Business spending
Business spending and hiring expanded again in the District. For the most part, capital spending continued to increase at similar rates as in the previous reporting period. Trucking volumes were up slightly over a year earlier, though one contact said customers have been tentative and saw a chance of stronger activity in the fourth quarter. Overall labor market conditions were little changed, with small gains in employment on net. Manufacturing employment was mixed by industry. Auto manufacturers and suppliers laid off workers, while toolmakers increased employment. A contact in Rockford reported that a number of warehouses serving retailers were significantly increasing employment. A local internet job posting business said that job advertising continues to be robust. Shortages of skilled manufacturing workers persisted. A temporary help services provider said that demand growth in the District during the third quarter was a bit stronger than the second quarter, led by a pickup in Illinois and Wisconsin.

Construction/real estate
Residential construction and real estate activity declined again in most areas. Homebuilders observed sluggish demand in all market segments, and a Chicago-area builder said high-end properties have been taking noticeably longer to sell. However, a contact in the Milwaukee area said traffic through model homes was holding up well. Builders in southeast Michigan reported a number of project cancellations. New home prices were steady to down, and several builders were adding free upgrades to help sell homes. A contact in Michigan noted that list prices of existing homes were being reduced as well. Nonresidential construction expanded at a steady pace. However, net absorption of office space slowed and neared zero in many parts of the District, which a Chicago-area contact attributed to the return of sublease space into the market. Looking forward, a few contacts said that the development pipeline looked slower than average and that some projects were delayed for budget reasons.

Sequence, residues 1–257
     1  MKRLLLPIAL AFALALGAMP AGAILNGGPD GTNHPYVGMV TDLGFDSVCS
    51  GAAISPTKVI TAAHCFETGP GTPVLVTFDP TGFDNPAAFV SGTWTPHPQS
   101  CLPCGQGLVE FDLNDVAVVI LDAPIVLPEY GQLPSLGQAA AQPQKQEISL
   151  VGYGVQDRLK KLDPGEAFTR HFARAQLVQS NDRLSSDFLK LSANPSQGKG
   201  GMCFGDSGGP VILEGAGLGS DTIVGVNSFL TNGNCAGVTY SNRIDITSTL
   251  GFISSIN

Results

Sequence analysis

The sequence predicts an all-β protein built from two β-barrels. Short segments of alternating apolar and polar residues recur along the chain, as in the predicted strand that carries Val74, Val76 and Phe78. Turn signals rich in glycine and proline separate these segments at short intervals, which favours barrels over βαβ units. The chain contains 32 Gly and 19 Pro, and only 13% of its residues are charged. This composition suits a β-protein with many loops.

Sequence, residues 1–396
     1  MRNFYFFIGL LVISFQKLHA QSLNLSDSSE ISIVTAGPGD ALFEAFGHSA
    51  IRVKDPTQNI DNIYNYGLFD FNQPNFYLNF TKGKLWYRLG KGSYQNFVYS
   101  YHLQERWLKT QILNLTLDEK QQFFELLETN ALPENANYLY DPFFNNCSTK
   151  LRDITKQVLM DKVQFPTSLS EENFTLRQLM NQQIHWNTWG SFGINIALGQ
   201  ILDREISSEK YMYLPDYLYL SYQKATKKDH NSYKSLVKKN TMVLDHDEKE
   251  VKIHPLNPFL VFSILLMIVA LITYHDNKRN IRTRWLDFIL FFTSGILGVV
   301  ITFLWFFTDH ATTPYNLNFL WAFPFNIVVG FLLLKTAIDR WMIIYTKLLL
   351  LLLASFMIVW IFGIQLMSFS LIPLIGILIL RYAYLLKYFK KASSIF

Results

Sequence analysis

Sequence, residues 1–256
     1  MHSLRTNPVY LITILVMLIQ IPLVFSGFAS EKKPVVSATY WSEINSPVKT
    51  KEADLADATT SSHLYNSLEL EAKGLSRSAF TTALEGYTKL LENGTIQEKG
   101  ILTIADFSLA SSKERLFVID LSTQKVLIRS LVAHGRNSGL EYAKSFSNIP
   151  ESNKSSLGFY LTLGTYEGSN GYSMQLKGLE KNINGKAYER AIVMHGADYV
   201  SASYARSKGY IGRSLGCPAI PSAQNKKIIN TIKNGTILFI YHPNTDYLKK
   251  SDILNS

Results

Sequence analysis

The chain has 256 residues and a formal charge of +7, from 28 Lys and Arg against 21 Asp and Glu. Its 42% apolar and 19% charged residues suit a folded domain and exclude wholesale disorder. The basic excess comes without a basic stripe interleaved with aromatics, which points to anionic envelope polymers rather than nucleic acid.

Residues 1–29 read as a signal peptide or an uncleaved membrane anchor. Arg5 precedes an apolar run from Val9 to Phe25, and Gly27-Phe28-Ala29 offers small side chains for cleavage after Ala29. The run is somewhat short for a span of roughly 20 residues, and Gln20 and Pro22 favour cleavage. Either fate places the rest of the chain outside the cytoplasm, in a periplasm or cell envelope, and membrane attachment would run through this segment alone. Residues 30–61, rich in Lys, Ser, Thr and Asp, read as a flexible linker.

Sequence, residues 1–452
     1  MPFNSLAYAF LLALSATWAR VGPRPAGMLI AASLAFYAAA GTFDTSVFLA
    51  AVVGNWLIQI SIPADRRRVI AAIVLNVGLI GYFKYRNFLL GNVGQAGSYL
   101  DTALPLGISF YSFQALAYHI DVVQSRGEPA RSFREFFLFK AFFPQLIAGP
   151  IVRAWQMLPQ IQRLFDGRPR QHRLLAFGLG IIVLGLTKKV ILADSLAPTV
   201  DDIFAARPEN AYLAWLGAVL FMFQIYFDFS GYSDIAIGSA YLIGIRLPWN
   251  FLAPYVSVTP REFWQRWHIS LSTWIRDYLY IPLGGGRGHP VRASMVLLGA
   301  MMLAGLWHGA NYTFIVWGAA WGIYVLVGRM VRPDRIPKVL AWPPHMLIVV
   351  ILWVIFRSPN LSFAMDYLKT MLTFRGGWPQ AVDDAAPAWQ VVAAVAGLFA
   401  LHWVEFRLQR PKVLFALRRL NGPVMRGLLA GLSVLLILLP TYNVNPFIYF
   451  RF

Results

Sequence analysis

Manufacturing activity expanded again in late August and September, though the pace of expansion was a bit slower than in the previous reporting period. Sales of large- and medium-sized heavy equipment continued to be strong, but overall order backlogs dipped below recent highs and deliveries of machines used in home construction have fallen below year-ago levels. Sales of high-tech equipment were growing well, with demand spread across cell phones, cellular infrastructure, and defense communication equipment. A specialty steel producer reported robust order growth and said that it was picking up new customers that had been having trouble filling orders with their existing supply base. Toolmakers reported continued strong order growth. One toolmaker added that it had not seen any weakening in its oil-related business since crude prices have declined, and another noted that demand from foreign firms has been strong. Heavy-duty truck production and sales were at record levels. Net orders continued to fall, but the decline was within expectations since production capacity was booked through the end of the year, when new emission standards go into effect. Demand for medium-duty trucks was driven by orders from truck dealers, as analysts report that end-users were "clueless" about the new emission standards. Light vehicle manufacturers forecast steady or slightly slower sales for the rest of the year, though one expected lower gasoline prices and higher equity prices to support demand. A steelmaker noted that vehicle production cuts were starting to show through in weakening orders for flat-rolled steel and growing inventories at steel service centers.

Lending activity moderated further. Bankers noted continued stagnation in mortgage applications for home purchases but said that refinancing activity firmed between August and September. One bank indicated that slower home price appreciation was restraining demand for new home equity loans. Home equity credit line balances declined further, though demand for closed-end loans ticked up. Household credit quality remained in good shape in most places with stable delinquency rates on mortgages and home equity loans; the exception was in Michigan, where delinquency rates moved higher. Commercial lending continued to expand but at a slightly slower pace than in recent reporting periods. Bankers in the Chicago area noted that customers remained upbeat about business conditions and were increasing their demand for financing, while bankers in Michigan reported little loan growth. Commercial lending conditions continued to be competitive and interest rate margins were narrow. One banker noted that competitive pressures were spreading into second-tier lending, such as small business loans collateralized with personal assets. Commercial credit quality remained in good shape, which one Detroit-area banker attributed to the reluctance of lending officers to loan funds to problem industries.